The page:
The spread of the Polynesian culture across the Pacific was the greatest migration in humanity’s history. All indications are that the Polynesians started in Taiwan and made it to the Americas while settling on islands from Hawaii to New Zealand along the way. Many of those islands retained trade routes for centuries, even if the islands themselves were tiny and difficult to consistently find in the vast expanse of the Pacific.
Reconstructing the route the Polynesians took has proven challenging. Very little ancient DNA has survived in the warm, often humid environments of the tropics. Artifacts have been dated, but it’s not clear how closely they relate to the arrival of an island’s population, and often they don’t indicate where that population came from. Post-colonial travel has complicated the genetics and linguistic evidence that might otherwise help us sort things out.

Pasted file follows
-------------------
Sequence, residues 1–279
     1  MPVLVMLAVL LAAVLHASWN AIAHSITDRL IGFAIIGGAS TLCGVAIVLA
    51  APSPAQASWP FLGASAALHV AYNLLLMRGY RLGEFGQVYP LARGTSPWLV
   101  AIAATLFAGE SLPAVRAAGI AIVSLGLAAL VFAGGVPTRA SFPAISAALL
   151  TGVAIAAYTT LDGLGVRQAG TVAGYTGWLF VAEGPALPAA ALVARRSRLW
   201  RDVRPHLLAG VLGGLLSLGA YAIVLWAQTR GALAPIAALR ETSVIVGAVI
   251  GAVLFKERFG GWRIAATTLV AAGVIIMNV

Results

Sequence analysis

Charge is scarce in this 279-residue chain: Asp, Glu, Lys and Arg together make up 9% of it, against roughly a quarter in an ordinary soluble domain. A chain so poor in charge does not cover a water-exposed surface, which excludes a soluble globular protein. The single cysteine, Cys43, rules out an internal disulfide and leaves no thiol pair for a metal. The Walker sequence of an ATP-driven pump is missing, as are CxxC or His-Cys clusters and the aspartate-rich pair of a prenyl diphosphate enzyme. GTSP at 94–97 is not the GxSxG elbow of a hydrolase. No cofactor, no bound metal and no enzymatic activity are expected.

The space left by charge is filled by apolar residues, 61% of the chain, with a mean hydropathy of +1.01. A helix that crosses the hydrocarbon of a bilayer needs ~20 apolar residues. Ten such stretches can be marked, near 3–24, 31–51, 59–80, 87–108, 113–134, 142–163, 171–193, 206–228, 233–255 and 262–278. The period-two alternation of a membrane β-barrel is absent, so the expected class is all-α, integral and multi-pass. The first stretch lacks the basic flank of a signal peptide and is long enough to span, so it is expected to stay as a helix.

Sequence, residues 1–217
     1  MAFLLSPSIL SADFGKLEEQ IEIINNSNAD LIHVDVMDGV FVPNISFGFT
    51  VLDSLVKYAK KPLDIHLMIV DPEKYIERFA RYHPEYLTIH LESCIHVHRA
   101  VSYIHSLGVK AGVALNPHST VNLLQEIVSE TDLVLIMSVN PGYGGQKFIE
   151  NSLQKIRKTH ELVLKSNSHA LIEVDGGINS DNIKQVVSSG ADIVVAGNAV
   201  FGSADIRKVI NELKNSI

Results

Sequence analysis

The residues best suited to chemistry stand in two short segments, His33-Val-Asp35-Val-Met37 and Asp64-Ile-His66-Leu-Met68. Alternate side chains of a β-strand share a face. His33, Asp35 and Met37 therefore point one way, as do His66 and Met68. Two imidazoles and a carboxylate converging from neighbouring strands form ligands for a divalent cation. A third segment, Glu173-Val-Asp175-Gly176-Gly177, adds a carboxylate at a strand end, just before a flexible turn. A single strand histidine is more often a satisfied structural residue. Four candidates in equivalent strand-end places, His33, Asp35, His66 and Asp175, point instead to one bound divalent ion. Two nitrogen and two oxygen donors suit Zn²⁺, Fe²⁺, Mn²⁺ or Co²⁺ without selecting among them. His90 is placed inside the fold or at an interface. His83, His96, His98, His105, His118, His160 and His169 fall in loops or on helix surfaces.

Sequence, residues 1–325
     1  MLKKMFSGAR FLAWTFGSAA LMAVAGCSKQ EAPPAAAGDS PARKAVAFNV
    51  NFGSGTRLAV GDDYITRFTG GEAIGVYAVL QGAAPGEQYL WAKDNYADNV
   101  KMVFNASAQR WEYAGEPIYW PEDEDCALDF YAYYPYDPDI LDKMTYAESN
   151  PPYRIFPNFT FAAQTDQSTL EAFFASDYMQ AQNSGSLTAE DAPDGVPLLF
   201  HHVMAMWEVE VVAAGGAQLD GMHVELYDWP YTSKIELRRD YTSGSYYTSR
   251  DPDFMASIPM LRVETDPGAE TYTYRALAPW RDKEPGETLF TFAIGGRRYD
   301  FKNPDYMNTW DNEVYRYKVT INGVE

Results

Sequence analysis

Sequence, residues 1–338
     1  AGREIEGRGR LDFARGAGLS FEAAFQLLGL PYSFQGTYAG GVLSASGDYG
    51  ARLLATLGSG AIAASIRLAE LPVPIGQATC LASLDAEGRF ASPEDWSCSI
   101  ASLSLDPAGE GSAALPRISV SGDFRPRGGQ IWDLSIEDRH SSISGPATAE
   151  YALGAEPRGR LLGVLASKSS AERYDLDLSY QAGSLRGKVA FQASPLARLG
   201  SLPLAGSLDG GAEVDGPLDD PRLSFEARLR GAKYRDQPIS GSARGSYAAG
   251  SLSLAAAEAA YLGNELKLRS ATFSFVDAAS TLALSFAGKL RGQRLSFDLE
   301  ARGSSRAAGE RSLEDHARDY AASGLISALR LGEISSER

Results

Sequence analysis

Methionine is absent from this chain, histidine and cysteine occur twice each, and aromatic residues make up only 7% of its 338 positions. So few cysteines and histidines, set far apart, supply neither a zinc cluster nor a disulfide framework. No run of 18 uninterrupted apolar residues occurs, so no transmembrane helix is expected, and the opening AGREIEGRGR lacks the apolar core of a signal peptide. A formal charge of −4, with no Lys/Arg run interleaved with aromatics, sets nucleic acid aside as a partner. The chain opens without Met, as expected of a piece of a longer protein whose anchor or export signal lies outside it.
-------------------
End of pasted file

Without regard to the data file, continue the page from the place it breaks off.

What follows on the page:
Now, a large international team of researchers has come up with an entirely new way of analyzing the genomes of modern Polynesians, based on the effect that a long series of settlement events would have on genomes. The results provide a detailed map of which islands were settled in what order, and it even provides an estimate on the dates of when Polynesians arrived.
Author: John Timmer
Source: John Timmer.” New genomic analysis sorts out when Polynesians reached which islands”. Retrieved From https://arstechnica.com/?p=1797570
All Rights Of This Article Reserved To Ars Technica